24 25 25 25 25 26 26

26 26

27 27 28 28 28 29 29 30 30 30 31 31 31 32

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1 Common Reference Levels 1.1 Global scale

Proficient User

C2

C1

Independent User

B2

B1

Basic User

A2

A1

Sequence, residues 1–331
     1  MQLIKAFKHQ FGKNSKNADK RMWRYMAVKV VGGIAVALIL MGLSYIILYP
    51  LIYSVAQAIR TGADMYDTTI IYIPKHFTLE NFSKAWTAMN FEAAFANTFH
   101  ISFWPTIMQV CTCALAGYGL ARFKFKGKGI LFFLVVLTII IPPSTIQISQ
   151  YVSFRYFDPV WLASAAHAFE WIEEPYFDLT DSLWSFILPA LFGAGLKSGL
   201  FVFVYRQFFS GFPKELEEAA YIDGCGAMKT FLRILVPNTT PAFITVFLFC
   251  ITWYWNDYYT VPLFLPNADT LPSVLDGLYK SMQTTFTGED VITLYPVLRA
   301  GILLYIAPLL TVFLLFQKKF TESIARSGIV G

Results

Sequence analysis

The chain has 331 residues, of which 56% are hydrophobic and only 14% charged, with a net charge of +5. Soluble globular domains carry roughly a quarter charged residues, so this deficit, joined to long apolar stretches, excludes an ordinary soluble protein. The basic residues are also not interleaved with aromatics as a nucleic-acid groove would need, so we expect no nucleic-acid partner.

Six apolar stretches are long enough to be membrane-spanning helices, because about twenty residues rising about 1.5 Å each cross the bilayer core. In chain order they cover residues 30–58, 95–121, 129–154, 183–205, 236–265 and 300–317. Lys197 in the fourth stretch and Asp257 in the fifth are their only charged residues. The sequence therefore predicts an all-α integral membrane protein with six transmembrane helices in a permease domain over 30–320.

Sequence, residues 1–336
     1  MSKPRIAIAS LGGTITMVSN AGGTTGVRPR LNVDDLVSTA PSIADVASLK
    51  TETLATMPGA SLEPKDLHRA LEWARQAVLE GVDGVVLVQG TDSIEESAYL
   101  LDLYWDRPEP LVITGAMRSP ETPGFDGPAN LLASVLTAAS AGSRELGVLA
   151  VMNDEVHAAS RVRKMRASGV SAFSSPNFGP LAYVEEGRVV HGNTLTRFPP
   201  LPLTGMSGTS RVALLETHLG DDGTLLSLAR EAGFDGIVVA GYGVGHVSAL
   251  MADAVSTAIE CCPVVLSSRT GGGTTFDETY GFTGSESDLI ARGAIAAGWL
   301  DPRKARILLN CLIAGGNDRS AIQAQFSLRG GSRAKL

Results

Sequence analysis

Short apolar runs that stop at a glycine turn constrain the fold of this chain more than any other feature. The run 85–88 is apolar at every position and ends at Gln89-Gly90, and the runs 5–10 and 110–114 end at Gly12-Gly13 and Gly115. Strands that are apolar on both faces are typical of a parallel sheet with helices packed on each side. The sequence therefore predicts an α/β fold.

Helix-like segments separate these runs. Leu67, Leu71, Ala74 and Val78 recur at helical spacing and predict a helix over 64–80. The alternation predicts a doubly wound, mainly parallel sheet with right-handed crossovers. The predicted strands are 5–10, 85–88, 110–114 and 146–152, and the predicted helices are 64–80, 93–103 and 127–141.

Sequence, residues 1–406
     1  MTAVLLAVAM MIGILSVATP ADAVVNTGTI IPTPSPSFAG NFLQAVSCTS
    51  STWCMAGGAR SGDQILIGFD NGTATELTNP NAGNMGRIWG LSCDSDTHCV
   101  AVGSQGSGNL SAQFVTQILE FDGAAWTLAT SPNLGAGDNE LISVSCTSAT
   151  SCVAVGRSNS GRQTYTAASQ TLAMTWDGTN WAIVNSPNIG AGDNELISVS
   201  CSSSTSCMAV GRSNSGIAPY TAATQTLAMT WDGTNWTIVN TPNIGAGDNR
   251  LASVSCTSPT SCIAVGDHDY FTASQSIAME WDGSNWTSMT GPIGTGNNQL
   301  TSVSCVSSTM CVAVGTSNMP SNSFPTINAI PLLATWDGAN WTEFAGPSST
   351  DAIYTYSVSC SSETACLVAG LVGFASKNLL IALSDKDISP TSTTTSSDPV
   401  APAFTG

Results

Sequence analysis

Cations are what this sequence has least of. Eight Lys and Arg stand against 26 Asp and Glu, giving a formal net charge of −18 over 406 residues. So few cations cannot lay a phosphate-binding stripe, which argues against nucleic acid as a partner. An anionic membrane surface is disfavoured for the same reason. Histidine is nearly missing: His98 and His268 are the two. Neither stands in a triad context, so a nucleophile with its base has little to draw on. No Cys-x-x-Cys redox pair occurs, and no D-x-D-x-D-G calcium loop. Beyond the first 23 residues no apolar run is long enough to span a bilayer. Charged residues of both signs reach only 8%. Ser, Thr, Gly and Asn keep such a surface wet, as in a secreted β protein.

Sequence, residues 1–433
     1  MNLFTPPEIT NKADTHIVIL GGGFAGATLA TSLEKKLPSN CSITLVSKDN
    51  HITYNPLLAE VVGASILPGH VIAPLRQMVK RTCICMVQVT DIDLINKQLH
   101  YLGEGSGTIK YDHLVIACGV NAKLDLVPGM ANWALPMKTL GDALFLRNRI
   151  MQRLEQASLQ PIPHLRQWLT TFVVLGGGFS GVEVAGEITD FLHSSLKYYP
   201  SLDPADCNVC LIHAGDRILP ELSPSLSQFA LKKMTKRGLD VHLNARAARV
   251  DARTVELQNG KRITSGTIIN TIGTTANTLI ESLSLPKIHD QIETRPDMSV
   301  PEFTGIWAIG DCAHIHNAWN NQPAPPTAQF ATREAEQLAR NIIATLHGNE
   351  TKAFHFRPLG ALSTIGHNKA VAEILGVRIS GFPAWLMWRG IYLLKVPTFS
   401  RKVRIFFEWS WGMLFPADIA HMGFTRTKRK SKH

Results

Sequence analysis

Can understand with ease virtually everything heard or read. Can summarise information from different spoken and written sources, reconstructing arguments and accounts in a coherent presentation. Can express him/herself spontaneously, very fluently and precisely, differentiating finer shades of meaning even in more complex situations. Can understand a wide range of demanding, longer texts, and recognise implicit meaning. Can express him/herself fluently and spontaneously without much obvious searching for expressions. Can use language flexibly and effectively for social, academic and professional purposes. Can produce clear, well-structured, detailed text on complex subjects, showing controlled use of organisational patterns, connectors and cohesive devices. Can understand the main ideas of complex text on both concrete and abstract topics, including technical discussions in his/her field of specialisation. Can interact with a degree of fluency and spontaneity that makes regular interaction with native speakers quite possible without strain for either party. Can produce clear, detailed text on a wide range of subjects and explain a viewpoint on a topical issue giving the advantages and disadvantages of various options. Can understand the main points of clear standard input on familiar matters regularly encountered in work, school, leisure, etc. Can deal with most situations likely to arise whilst travelling in an area where the language is spoken. Can produce simple connected text on topics, which are familiar, or of personal interest. Can describe experiences and events, dreams, hopes & ambitions and briefly give reasons and explanations for opinions and plans. Can understand sentences and frequently used expressions related to areas of most immediate relevance (e.g. very basic personal and family information, shopping, local geography, employment). Can communicate in simple and routine tasks requiring a simple and direct exchange of information on familiar and routine matters. Can describe in simple terms aspects of his/her background, immediate environment and matters in areas of immediate need. Can understand and use familiar everyday expressions and very basic phrases aimed at the satisfaction of needs of a concrete type. Can introduce him/herself and others and can ask and answer questions about personal details such as where he/she lives, people he/she knows and things he/she has. Can interact in a simple way provided the other person talks slowly and clearly and is prepared to help.